HOMEPAGE

O homem que matou Osama Bin Laden
Publicado em: 12 Fev, 2013
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1 APRIL 2011: THE MISSION

The reason we knew this was a special mission, the Shooter said as our interviews about the bin Laden operation began, is because we’d just finished an Afghanistan deployment and were on a training trip, diving in Miami, when a few of us got recalled to the Command in Virginia Beach. Another ST6 team was on official standby — normally that’s the team that blows out for a contingency operation. But they were not chosen, to better cloak what was going to happen.

There was so much going on — the Libya thing, the Arab Spring. We knew something good was going to go down. We didn’t know how good.

The first day’s briefing, they actually kind of lied to us, being very vague. They mentioned underwater cables because of the earthquake in Japan or some craziness. They hinted at Libya. They said it was a compound somewhere in a bowl and we were going to have two aircraft get us there and we don’t know how many are inside but we have to get something out. You won’t have any air support.

I assumed it was WMD, a nuke, because why else are they sending us to Libya?

Every question the Red Squadron ST6 members asked was answered with, “Well, we can’t tell you that.” Or: “We don’t know.”

It was also weird that the entire Red Squadron was in town, but they kicked everyone out of the briefing except those guys who were going, twenty-three and four backups. We’d leave the room to get coffee and stuff, and the other guys were like, “Well, what are you guys doing?” We were telling them, “I have no idea.”

The Shooter was a mission team leader. Almost everyone chosen had a one or two ranking in the squadron, the most experienced guys. The group was split into four tactical teams, with the Shooter as leader of the external-security group — the dog, Cairo, two snipers, and a CIA interpreter to keep whoever might show up in the area out of the internal action.

The group left Virginia on a Sunday morning, April 10, to drive to the CIA’s Harvey Point, North Carolina, center for another briefing and the start of training. The Master Chief was saying JSOC [Joint Special Operations Command] would be there, the Secretary of Defense might be there, the Pak/Afghan CIA desk, too. That’s when the wheels started spinning for me: This is big.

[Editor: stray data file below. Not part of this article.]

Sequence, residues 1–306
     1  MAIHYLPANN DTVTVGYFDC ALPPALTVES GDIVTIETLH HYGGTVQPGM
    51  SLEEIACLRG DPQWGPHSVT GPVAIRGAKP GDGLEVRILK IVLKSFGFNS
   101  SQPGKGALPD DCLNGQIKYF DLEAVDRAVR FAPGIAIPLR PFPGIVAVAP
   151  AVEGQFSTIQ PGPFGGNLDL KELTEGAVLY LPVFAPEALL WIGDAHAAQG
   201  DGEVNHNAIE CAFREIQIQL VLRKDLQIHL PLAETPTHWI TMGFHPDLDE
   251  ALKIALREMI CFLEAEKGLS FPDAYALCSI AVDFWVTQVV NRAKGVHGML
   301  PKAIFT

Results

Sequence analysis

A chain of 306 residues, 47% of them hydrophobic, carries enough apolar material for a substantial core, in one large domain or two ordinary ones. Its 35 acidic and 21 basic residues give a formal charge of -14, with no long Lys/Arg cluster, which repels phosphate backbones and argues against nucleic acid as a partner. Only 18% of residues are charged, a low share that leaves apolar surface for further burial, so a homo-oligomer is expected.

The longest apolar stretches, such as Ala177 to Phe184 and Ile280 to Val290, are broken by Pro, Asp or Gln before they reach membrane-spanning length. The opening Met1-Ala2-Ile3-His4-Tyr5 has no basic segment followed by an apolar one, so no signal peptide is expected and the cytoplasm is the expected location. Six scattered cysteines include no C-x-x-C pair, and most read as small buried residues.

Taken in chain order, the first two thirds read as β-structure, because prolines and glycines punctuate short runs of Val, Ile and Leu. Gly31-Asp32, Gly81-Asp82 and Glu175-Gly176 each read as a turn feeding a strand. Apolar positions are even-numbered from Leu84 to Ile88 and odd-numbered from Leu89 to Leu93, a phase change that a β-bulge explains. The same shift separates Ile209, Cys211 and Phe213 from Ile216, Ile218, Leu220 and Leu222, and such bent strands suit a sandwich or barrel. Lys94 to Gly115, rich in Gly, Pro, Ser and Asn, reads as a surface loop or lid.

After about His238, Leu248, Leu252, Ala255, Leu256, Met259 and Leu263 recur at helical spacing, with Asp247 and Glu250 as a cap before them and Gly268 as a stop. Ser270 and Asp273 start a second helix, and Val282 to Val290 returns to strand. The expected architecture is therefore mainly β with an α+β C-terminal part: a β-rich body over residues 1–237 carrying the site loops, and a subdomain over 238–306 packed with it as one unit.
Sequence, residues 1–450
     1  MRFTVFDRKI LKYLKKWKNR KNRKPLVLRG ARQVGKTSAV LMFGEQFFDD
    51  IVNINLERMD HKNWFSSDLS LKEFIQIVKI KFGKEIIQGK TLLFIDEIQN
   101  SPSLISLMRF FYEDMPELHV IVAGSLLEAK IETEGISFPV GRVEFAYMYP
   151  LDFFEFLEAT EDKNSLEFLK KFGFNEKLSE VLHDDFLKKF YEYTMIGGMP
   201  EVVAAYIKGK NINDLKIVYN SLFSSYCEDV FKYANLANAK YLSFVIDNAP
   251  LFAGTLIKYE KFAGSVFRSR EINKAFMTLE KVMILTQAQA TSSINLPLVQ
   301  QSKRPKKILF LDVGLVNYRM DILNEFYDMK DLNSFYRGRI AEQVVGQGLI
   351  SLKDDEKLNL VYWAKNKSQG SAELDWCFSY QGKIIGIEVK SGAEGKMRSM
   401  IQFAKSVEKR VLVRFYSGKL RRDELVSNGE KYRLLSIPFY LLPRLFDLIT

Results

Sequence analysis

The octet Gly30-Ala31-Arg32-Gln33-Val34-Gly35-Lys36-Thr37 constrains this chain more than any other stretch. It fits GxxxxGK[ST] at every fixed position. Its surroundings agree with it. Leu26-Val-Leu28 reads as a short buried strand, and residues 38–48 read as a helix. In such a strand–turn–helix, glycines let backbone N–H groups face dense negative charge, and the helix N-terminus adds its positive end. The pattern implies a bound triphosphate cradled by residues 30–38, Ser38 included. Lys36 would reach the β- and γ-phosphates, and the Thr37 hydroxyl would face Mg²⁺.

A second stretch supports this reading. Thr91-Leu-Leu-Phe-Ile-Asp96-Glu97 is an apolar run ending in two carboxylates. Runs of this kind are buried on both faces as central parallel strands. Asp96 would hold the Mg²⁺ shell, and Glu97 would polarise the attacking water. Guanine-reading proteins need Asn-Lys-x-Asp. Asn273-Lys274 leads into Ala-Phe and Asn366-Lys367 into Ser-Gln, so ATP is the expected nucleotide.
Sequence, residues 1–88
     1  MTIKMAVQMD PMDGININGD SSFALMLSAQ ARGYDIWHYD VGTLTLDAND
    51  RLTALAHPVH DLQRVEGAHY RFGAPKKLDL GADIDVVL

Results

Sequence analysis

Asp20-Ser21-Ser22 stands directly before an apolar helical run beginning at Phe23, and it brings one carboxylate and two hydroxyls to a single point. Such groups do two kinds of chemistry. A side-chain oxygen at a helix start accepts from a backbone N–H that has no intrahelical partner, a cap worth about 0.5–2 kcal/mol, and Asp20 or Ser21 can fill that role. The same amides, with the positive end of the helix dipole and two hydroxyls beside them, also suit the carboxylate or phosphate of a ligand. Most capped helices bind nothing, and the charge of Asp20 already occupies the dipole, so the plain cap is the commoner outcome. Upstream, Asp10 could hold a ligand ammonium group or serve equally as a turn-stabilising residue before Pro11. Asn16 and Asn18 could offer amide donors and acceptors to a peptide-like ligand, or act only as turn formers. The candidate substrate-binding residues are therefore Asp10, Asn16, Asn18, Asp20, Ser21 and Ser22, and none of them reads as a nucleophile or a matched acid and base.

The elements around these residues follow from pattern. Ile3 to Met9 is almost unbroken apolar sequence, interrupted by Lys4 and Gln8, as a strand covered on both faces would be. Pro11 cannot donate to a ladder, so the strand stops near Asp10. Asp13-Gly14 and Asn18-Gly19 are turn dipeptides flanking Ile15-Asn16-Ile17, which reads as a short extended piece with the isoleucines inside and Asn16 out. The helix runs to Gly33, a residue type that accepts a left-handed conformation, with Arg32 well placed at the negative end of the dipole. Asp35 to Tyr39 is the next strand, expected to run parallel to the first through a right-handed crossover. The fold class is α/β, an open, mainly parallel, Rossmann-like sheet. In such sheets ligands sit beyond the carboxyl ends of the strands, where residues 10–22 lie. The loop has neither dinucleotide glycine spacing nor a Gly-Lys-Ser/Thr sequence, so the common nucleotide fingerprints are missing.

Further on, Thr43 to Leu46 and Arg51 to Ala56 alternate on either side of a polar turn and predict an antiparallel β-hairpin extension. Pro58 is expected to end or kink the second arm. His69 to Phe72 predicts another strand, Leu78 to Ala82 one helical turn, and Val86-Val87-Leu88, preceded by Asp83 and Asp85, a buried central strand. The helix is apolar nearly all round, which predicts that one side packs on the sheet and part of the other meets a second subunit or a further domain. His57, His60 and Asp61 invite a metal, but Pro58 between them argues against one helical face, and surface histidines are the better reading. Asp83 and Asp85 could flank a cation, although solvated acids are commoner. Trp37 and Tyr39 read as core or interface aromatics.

I’ve had some close calls with death, bullets flying past my head. Even just driving, weird stuff. Every time, I would tell my mother, “There’s no way I’m going to die, because I’m here to do something.” I’ve been saying that for twenty years. I don’t know what it is, but it’s something important.

By Monday the team was assembled in a big classroom inside a one-story building. They actually had security sitting outside. No one else was allowed in. A JSOC general, Pak/Afghan and other D.C. officials, and the ST6 commanding officer were there. The SEAL commander, cool as ever, said, “Okay, we’re as close as we’ve ever been to UBL.” And that was it. He kind of looked at us and we looked at him and nodded. There was none of that cheering bullshit. We were thinking, Yeah, okay, good. It’s about time that we kill this motherfucker. It was simple.

This is what I came for. Jealousies aside, one of us is going to have the best chance of killing this guy.

During the daylong briefing, the SEALs heard how the government found the compound in Abbottabad, how they were watching it, analyzing it, why they believed bin Laden might be there. He, UBL, had become known as the Pacer, the tall guy in satellite imagery who neither left nor mixed with the others.

It was the CIA woman, now immortalized in books and movies, who gave the briefing. “Yeah,” she told us. “We got him. This is him. This is my life’s work. I’m positive.”

By then, government and military officials had been considering four options. They were either going to bomb the piss out of the compound with two-thousand-pound ordnance, they were going to send us in, do some kind of joint thing with the Pakis, or try what was called a “hammer throw,” where a drone flies by and chucks one fucking bomb at the guy. But they didn’t want any collateral damage. And they wanted to make sure he was dead and not in a cave or a safe room.

After the group settled into “motel-like” rooms, with common areas that had TVs and a kitchen, the team started strategizing with a model of the compound on a large table. Then they drove to a full-scale mock-up for a walk-through. The next day the helos came and we started doing iteration training based on how we wanted to hit it.

Once I realized what was going on, I actually moved myself to one of the assault teams, even if I was no longer a team leader. We didn’t need that many guys on the exterior team, and I’ll go fast-rope on the roof with what I started calling the Martyrs Brigade, because as soon as we landed, I figured the house was going to blow up. But we were also going to be the guys in there first to kill him.

One sniper would also be on the roof to lean over and try to take a shot upside down. The rest of the team would rope again down to the third-floor windows and get your gun up fast because he’s probably standing there with his gun. If you fell, it would suck.

If the group made it inside, there were other issues. I’ve been in houses before with IEDs in them designed to blow everything up. They’d hang them in the middle of the room so it’s a bigger explosion.









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